Many Christians endured persecution, even to the point of death. Others fell away from the faith. When persecution ended, some of those who had denied Christ wanted to return to the Church. Their return caused a crisis among Christian leaders. Some leaders reminded the fallen that Jesus had said, “Whoever denies me before men, I will deny before my Father in heaven.” Other Christians reminded those leaders that the central theme of Christianity is forgiveness of sinners, that even the apostle Peter had denied Christ and had been restored to the Church. A compromise was reached in which fallen Christians could be accepted back into the Church, but only after they had endured a time of testing, or probation. Forgiveness was granted freely and unconditionally because of the suffering and death of Jesus. Church membership was allowed only after candidates had demonstrated their sincere repentance through good works, or penance. When asked about Christians who died before completing their penance, Christian leaders invented a condition called “purgatory” in which Christians could complete their penance before arriving in Paradise. Centuries later, these ideas of penance and purgatory would lead to a crisis in the Church, generally called the Reformation.

The apostles developed a pattern of preaching that centered around the person of Jesus. They mentioned his baptism by John, they described some of the miracles he worked, and they quoted some of his teaching, including his parables. The bulk of their message focused on Holy Week, from the Sunday when Jesus rode a donkey into Jerusalem through the Sunday he rose from the dead after his crucifixion. They also explained the relationship of these events to the teachings and history of Moses and the prophets and the consequences of those events to the lives of those who heard and believed the message about Jesus. Eventually, the apostles began to write letters to congregations containing the same message. Already in the first century, Jews and Christians agreed on a core of older writings from Moses and the prophets—called the Hebrew Bible by the Jews and the Old Testament by the Christians. Now Christians formed a New Testament to accompany the Old Testament. Already in the second century the official New Testament was being collected, although some variations of that collection existed into the fourth century. To be included in the New Testament, a writing needed to pass three tests. It needed to be written by one of the apostles (or by someone closely associated with an apostle—Mark, who wrote what Peter preached; Luke, who traveled with Paul and who interviewed eyewitnesses of Jesus; and James and Jude, the brothers of Jesus). It needed to be consistent with the message taught by the apostles and their followers. It needed to be known in all the major congregations of Christians, not only in one part of the Roman world. No conspiracy gathered the books of the Bible; consensus formed the canon (or list of approved readings) based upon those three simple rules.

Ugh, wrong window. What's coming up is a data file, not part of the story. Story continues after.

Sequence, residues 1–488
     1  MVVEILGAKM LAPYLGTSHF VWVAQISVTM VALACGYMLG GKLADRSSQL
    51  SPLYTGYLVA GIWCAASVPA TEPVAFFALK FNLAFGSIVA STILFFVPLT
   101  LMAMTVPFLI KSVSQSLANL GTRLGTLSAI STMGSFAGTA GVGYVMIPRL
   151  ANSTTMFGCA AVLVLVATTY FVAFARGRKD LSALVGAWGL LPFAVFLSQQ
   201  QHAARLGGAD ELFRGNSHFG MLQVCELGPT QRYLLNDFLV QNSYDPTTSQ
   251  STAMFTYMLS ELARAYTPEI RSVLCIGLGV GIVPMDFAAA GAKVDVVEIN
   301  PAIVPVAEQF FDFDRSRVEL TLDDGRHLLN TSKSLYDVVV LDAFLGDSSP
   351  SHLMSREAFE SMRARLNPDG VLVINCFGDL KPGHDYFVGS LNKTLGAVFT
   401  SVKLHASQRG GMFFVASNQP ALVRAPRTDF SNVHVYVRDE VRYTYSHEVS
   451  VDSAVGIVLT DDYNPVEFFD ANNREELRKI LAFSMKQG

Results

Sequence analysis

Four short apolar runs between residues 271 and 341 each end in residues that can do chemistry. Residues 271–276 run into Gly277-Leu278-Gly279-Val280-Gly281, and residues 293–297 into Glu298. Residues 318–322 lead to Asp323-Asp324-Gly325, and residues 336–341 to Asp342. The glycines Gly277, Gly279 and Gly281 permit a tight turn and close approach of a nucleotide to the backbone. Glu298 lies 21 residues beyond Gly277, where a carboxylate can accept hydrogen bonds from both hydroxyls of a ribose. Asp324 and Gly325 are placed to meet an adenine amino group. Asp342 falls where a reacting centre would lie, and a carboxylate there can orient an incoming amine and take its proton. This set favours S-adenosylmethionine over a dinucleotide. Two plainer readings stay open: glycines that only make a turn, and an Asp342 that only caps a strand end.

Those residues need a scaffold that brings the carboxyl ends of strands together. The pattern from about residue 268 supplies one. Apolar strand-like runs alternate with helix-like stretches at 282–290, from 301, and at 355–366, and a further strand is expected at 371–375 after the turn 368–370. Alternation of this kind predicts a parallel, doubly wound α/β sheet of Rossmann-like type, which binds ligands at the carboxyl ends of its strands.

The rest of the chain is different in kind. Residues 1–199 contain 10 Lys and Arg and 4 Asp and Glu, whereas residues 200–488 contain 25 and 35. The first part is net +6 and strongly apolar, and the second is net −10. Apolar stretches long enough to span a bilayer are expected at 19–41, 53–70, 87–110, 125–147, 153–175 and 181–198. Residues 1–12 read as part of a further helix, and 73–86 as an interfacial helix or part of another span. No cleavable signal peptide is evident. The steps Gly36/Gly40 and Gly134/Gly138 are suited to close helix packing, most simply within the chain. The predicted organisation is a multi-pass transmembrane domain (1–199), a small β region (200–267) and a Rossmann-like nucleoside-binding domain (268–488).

Christian thought contained some diversity, including movements that went very much against the grain of what was said and done by Jesus and his apostles. In my next post, I will address some of those early Christian movements. J.

The Axial Age and Israel

As I reported in this post, religious scholars tend to fall into two groups: some see religions as evolving over time, coming to more mature positions of faith, while others see religions as beginning with a common truth but straying from that truth in various directions. After choosing between those two options, scholars tend to interpret religious writings and practices according to those assumptions. They even assign dates to important events and writings based on those assumptions. The traditional dates given to writings and events in the Hebrew Bible (what Christians call the Old Testament) are rejected by advocates of evolutionary religion; they are far too early to fit the pattern that supports the evolution of religion. Redating allows evolutionary scholars to fit traditional and prophetic writings within their own historic pattern, thus perpetuating a circular argument in which the theory determines the dates and the dates support the theory.

According to the figures given in the Hebrew Bible, the Exodus from Egypt occurred about 1446 BCE. The Israelite conquest of Canaan began forty years later, about 1406 BCE. This allows about three hundred years for Bronze Age Israel under Joshua and the Judges, culminating in Samuel and his anointing of the kings, Saul and David. David’s son Solomon built the Temple in Jerusalem, dedicating it in 957 BCE. From there we can trace the kings of Israel and of Judah, leading to the fall of Samaria (the capital of Israel) in 722 BCE and the Babylonian destruction of Jerusalem and the Temple in 587 BCE.